Case Report
Copyright ©The Author(s) 2020. Published by Baishideng Publishing Group Inc. All rights reserved.
World J Hepatol. Aug 27, 2020; 12(8): 519-524
Published online Aug 27, 2020. doi: 10.4254/wjh.v12.i8.519
Non-islet cell tumor hypoglycemia as an initial presentation of hepatocellular carcinoma coupled with end-stage liver cirrhosis: A case report and review of literature
Bo Yu, Rana Douli, Jose Amaya Suarez, Victor Perez Gutierrez, Mohammad Aldiabat, Maria Khan
Bo Yu, Rana Douli, Jose Amaya Suarez, Victor Perez Gutierrez, Mohammad Aldiabat, Maria Khan, Department of Medicine, Lincoln Medical Center, Bronx, NY 10451-5504, United States
Author contributions: Yu B wrote the manuscript; Douli R, Suarez JA reviewed the paper; Gutierrez VP edited the references; Aldiabat M and Khan M designed the figures.
Informed consent statement: Informed written consent was obtained from the patient for publication of this report and any accompanying images.
Conflict-of-interest statement: The authors declare that they have no conflict of interest.
CARE Checklist (2016) statement: The authors have read the CARE Checklist (2016), and the manuscript was prepared and revised according to the CARE Checklist (2016).
Open-Access: This article is an open-access article that was selected by an in-house editor and fully peer-reviewed by external reviewers. It is distributed in accordance with the Creative Commons Attribution NonCommercial (CC BY-NC 4.0) license, which permits others to distribute, remix, adapt, build upon this work non-commercially, and license their derivative works on different terms, provided the original work is properly cited and the use is non-commercial. See:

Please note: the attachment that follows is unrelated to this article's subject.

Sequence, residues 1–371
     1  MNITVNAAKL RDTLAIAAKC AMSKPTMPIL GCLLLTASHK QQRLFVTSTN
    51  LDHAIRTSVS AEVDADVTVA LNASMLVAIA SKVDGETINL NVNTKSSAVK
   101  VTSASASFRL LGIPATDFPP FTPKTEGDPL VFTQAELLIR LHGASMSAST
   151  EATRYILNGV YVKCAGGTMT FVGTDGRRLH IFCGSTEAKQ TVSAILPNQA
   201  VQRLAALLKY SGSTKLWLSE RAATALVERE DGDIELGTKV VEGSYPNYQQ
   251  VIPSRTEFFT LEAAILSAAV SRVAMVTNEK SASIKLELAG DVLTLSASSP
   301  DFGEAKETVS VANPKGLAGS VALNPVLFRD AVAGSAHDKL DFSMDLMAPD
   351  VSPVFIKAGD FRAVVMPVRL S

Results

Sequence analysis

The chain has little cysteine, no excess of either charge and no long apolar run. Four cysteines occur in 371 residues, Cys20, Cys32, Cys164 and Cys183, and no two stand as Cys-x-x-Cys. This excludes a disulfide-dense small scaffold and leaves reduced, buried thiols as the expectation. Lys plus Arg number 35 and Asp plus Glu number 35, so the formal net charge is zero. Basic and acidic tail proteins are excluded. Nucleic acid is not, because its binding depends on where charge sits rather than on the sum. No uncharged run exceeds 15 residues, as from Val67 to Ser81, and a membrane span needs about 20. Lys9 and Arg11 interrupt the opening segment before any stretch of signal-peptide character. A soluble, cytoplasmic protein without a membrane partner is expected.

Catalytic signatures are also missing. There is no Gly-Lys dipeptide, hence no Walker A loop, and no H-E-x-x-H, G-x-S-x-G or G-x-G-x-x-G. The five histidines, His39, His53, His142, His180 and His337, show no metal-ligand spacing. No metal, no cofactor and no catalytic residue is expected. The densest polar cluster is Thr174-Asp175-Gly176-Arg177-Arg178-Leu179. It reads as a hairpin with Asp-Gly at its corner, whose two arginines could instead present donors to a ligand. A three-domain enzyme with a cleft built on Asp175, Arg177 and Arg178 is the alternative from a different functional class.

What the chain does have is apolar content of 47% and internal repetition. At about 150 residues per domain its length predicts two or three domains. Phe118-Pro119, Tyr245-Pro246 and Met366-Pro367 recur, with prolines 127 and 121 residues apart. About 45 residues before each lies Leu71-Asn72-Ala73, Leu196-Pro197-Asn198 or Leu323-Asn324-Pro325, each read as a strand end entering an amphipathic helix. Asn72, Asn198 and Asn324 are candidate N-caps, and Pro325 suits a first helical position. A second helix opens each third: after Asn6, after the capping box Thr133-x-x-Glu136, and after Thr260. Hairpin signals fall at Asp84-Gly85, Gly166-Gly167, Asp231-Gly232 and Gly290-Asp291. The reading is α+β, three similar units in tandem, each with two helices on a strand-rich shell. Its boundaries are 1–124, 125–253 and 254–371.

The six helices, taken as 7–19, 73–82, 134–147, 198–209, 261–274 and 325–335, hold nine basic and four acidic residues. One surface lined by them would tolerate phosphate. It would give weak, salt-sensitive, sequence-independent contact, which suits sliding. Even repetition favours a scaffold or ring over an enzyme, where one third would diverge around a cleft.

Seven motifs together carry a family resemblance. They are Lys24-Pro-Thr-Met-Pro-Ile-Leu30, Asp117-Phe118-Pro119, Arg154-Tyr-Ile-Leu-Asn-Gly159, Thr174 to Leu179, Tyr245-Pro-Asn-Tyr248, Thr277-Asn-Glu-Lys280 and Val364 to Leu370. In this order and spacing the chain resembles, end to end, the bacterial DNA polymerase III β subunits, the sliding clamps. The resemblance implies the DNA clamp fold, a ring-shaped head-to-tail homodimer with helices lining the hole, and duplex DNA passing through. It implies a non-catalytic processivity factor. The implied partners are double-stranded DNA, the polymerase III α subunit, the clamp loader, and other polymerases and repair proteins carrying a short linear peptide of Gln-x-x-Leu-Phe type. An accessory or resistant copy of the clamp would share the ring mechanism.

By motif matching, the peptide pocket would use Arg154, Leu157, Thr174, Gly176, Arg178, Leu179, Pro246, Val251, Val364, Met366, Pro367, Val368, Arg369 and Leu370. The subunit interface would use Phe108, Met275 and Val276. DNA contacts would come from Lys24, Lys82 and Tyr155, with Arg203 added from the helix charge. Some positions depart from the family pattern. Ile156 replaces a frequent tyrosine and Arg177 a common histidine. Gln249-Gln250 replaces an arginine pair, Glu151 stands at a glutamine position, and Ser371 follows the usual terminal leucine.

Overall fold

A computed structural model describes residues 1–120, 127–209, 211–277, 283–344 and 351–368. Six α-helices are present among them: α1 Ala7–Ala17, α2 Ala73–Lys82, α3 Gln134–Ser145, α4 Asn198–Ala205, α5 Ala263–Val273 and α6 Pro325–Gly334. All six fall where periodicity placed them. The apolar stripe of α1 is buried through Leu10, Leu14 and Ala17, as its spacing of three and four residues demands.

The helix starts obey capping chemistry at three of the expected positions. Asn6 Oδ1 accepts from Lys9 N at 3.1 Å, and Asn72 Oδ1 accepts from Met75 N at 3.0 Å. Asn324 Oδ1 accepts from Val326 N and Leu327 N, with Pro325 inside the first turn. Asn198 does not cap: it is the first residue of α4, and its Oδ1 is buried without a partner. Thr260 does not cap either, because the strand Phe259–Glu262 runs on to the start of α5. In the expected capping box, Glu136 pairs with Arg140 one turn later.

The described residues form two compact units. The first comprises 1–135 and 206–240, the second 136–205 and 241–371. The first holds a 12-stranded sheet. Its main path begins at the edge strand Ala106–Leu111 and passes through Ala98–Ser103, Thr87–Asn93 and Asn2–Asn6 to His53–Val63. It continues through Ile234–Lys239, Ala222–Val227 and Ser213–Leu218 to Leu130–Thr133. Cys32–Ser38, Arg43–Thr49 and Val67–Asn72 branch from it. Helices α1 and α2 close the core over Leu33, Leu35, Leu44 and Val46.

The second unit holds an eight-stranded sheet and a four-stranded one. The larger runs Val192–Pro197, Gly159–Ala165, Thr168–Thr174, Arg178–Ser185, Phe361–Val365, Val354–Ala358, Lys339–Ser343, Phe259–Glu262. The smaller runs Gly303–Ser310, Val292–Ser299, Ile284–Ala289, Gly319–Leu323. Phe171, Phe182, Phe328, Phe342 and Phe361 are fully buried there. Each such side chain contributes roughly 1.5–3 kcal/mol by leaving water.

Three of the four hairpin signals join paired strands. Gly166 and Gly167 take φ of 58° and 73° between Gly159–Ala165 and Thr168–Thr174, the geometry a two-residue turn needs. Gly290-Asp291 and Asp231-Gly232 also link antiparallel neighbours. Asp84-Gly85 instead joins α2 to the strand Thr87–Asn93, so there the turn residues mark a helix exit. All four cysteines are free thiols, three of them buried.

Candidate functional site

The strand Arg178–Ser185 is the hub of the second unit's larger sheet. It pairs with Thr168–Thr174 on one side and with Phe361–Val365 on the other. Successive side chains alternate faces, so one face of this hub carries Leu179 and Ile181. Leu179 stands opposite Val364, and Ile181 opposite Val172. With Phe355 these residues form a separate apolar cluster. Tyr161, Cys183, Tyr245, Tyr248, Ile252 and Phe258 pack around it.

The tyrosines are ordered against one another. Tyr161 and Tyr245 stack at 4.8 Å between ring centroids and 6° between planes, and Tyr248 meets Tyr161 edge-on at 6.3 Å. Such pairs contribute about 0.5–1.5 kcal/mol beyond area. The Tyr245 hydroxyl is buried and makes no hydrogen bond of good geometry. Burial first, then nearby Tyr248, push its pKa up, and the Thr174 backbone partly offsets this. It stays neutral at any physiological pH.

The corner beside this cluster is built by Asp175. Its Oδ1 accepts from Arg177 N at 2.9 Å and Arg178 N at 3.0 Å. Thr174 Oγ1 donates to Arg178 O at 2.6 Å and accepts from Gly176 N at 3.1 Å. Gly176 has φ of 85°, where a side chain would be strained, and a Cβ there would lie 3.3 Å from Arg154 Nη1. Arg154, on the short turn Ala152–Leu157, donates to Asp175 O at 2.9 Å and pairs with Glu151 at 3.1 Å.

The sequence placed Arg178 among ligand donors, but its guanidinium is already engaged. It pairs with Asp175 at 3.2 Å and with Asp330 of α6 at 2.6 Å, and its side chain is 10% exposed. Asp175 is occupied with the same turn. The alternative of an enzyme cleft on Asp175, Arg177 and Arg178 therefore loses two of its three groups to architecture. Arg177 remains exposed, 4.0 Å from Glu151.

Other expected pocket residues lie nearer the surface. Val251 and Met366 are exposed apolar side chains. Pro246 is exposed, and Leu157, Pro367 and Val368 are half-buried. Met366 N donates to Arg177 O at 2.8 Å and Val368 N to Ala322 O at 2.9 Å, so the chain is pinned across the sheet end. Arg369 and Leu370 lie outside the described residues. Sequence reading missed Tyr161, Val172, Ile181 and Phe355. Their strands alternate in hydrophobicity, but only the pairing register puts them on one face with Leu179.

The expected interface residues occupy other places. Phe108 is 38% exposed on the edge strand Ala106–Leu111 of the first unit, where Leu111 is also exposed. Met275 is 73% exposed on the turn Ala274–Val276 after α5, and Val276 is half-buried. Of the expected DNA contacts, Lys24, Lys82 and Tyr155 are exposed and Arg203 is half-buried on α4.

Corresponding author: Bo Yu, MD, MSc, Doctor, Department of Medicine, Lincoln Medical Center, 234 E.149th Street, Bronx, NY 10451-5504, United States.
Received: March 31, 2020
Peer-review started: March 31, 2020
First decision: July 5, 2020
Revised: July 8, 2020
Accepted: July 26, 2020
Article in press: July 26, 2020
Published online: August 27, 2020

Non-islet cell tumor hypoglycemia (NICTH) is a rare cause of persistent hypoglycemia seen in patients with hepatocellular carcinoma (HCC). It is likely to be underdiagnosed especially in the patients with poor hepatic function and malnutrition. Herein, we report a rare case of NICTH as the initial presentation of HCC in a patient with chronic hypoglycemia due to end-stage liver cirrhosis.


A 62-year-old male with chronic fasting hypoglycemia secondary to end-stage hepatitis C-related cirrhosis, presented with altered mental status and dizziness. He was found to have severe hypoglycemia refractory to glucose supplements. Imaging studies and biopsy discovered well differentiated HCC without metastasis. Further evaluation showed low insulin, C-peptide and beta-hydroxybutyrate along with a high insulin-like growth factor-2/insulin-like growth factor ratio, consistent with the diagnosis of NICTH. As patient was not a candidate for surgical resection or chemotherapy, he was started on prednisolone with some improvements in the glucose homeostasis, but soon decompensated after a superimposed hospital acquired pneumonia.


NICTH can occur as the sole initial presentation of HCC and is often difficult to correct without tumor removal. Clinicians should maintain high clinical suspicion for early recognition of paraneoplastic NICTH in patients at risk for HCC, even those with chronic fasting hypoglycemia in the setting of severe hepatic failure and malnutrition.

Keywords: Non-islet cell tumor hypoglycemia, Hepatocellular carcinoma, Liver cirrhosis, Insulin-like growth factor-2, Paraneoplastic syndrome, Case report

Core tip: Paraneoplastic Non-islet cell tumor hypoglycemia can occur as an initial presentation in patients with hepatocellular carcinoma and is often difficult to correct. It is tend to be underdiagnosed because patients often developed tolerance to chronic fasting hypoglycemia secondary to advanced liver cirrhosis. A ratio of insulin-like growth factor-2/insulin-like growth factor-1 above 10 is often found if non-islet cell tumor hypoglycemia is induced by overproduction of incompletely processed insulin-like growth factor-2. Oral corticosteroids and frequent high carbohydrate meals are often recommended but the outcome is unfavorable in general if tumor removal is not possible.